EF Education First has issued an annual global English proficiency rating based on data from 2.3 million non-native English speakers in 100 countries.
“English and innovation go hand in hand. It is the main language of international cooperation. In previous issues of the report, we found a correlation between the knowledge of English and various indicators of investment in research and development. This conclusion is consistent with a recent study showing that companies with managers from different countries receive more revenue from innovations than their competitors do. English-speaking teams can attract more talented professionals and absorb ideas from all over the world. In addition, they are also more likely to collaborate internationally, even within their own organizations,” the study said.
Reportedly, it has become a factual reference for governments, companies, and educators when they discuss English skills.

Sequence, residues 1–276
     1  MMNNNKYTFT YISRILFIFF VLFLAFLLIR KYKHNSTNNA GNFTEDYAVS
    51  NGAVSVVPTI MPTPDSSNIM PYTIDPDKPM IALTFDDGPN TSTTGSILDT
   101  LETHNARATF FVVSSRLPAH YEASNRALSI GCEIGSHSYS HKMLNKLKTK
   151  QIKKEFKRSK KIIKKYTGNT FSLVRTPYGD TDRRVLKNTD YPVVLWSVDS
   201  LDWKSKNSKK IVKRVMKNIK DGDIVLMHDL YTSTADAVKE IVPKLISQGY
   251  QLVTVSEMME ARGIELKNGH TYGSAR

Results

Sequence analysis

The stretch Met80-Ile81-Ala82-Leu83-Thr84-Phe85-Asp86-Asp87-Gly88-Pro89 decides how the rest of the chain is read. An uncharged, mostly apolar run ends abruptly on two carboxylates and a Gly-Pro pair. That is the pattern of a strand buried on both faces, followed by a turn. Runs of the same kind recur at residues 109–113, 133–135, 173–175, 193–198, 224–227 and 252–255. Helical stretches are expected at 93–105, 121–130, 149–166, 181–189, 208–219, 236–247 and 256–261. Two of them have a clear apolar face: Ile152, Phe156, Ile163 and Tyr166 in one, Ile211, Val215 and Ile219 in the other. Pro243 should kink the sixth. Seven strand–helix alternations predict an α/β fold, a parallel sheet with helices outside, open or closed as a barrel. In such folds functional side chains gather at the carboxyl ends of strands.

The first place in the rating this year was taken by the Netherlands, the second – by Sweden, the third – by Norway.
In addition to them, the first 14 places (countries with a very high level) were occupied by Denmark, Singapore, South Africa, Finland, Austria, Luxembourg, Germany, Poland, Portugal, Belgium and Croatia.
Positions from 15 to 29 were taken by countries, where the level is simply high. Hungary, Romania, Serbia, Kenya, Switzerland and others are among them.
Places from 30 to 46 are occupied by countries with an average level – France, Costa Rica, South Korea, China, Uruguay and others.
Places from 47 to 69 are occupied by low-level countries – Belarus, Russia, Ukraine, Afghanistan, Japan and others.
The last places (from 70 to 100) are occupied by countries where the level of English is very low – the UAE, Egypt, Turkey, Qatar, Jordan and others. Uzbekistan took the 95th place, Côte d'Ivoire – 96th, Iraq – 97th, Saudi Arabia – 98th, Kyrgyzstan – 99th, Libya – 100th.
Last year, Uzbekistan occupied the 86th place, but then there were 88 countries in the ranking.